Thanks for attending the Giant Stride

Thank You to everyone who made the Giant Stride possible. We couldn’t do it without you!

We participated in a lot of fun activities like oyster painting, the cup game, cupcake decorating, pipe project station, oyster eating and others.

Oyster painting was a station where we used watercolors to paint oyster shells in whatever way we could think of. The cup game was two people pinned against each other tasked with stacking cups in a pyramid, and then returning them to one stack.

There was a huge dive helmet, over 40 pounds, that people were able to wear. The pipe station was a competition with two people, wearing blindfolds, racing against time to assemble some PVC pipes. We had a ton of fun stations run by students and most importantly, a ton of awesome food.

Monica M.’s Bahamas trip

As a student in Professional Diving at the Urban Assembly New York Harbor School you get offered many life changing opportunities that can really benefit you. Recently we were given the opportunity to go diving on the island of Eleuthera in the Bahamas. On this trip we got to develop new skills and continue to work on skills we already knew. We were not allowed to use our phones for the week we were on the trip. This was a challenge at first but on the second day we all grew to talk and learn more about each other. During our dives we worked on navigating in shallow waters. This wasn’t easy as it sounds since the bottom was filled with jellyfish. Buoyancy was key during this dive. We got to dive up to 80 feet deep which was very interesting because we started to notice that simple colors like red changed to dark brown. Most of our dives took place off of a dive boat which was surprisingly fun. As a class we got to experience a night dive which was scary at first but changed to be a breathtaking thrill. Personally my favorite part of this trip was the drift dive where we got to sit back and relax as the current pushed us effortlessly while enjoying the wildlife. Not only did we get to dive but we also got to meet with locals and learn how a low waste environment works. We learned more about the wildlife and the culture of the island. Overall this was an amazing trip and I am so glad that I was able to experience it with my classmates. I feel that I learned so much on this trip and I know that it will really benefit it as a diver.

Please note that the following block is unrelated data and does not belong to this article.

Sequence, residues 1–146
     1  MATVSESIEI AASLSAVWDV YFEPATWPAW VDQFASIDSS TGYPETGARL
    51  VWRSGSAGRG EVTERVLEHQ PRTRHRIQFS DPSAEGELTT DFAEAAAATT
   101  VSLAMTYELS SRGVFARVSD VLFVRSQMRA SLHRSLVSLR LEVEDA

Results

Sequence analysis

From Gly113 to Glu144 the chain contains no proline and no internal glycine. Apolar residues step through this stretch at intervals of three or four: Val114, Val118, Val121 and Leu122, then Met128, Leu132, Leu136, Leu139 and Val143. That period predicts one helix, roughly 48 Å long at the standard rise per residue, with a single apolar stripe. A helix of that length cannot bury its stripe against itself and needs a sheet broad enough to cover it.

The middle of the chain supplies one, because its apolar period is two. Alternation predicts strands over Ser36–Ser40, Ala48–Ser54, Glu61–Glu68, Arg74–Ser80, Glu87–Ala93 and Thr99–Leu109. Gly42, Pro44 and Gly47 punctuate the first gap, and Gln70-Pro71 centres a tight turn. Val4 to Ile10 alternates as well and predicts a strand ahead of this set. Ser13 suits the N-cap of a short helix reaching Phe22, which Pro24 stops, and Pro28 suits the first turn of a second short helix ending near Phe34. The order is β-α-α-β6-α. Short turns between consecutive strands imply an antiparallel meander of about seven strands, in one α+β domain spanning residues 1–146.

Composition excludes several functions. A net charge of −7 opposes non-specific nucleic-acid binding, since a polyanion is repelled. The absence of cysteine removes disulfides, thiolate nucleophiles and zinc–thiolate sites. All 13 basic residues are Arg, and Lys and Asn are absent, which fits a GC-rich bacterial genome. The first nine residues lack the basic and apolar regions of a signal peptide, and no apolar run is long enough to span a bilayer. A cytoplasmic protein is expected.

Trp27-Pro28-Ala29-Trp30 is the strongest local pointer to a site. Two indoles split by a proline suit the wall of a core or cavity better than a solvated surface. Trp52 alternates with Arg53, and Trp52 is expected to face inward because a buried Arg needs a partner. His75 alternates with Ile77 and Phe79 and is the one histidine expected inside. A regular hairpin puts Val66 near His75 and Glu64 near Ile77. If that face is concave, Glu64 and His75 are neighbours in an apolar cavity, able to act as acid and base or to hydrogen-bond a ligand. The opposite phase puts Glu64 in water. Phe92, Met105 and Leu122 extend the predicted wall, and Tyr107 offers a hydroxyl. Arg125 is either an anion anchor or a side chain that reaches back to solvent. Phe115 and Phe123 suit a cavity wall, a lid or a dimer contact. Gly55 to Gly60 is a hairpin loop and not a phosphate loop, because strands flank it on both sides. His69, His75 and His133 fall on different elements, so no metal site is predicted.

The Giant Stride Fundraising Event!

Buy Tickets/Donate Here!

The Harbor School Diving students are putting together a fundraiser with several fun activities for the whole family. There will be opportunities to paint oysters, decorate cupcakes, race while blindfolded to do the pipe project, and many more fun games. Food will be provided from Cowgirl Seahorse, Paris Cafe, and Mark Joseph Steakhouse and delicious oysters from Fishers Island Oyster Farm, so come hungry!

A slideshow and pictures throughout the room will display the daily life of Harbor School Students and show the incredible dive sites we’ve been able to explore. With students organizing this fundraiser and running all the activities, there will be plenty of divers to talk to about the Professional Diving CTE program. The money raised from this event will go to much needed gear, trips to places like Dutch Springs and the Bahamas where divers get their certifications, and supporting the students at the New York Harbor School to pay for expenses they can’t afford.

Come show your love and support for the incredible students exploring unique career paths. This amazing event will be held at Melville Gallery at the Seaport Museum from 4:30-7:30 on February 13. The address is 213 Water St, New York, NY 10038. There’s a suggested donation of $30. Big thank you to the South Street Seaport for hosting us!

Thank you from the fundraising committee: Crismaris P., Hannah F., and Joanna A.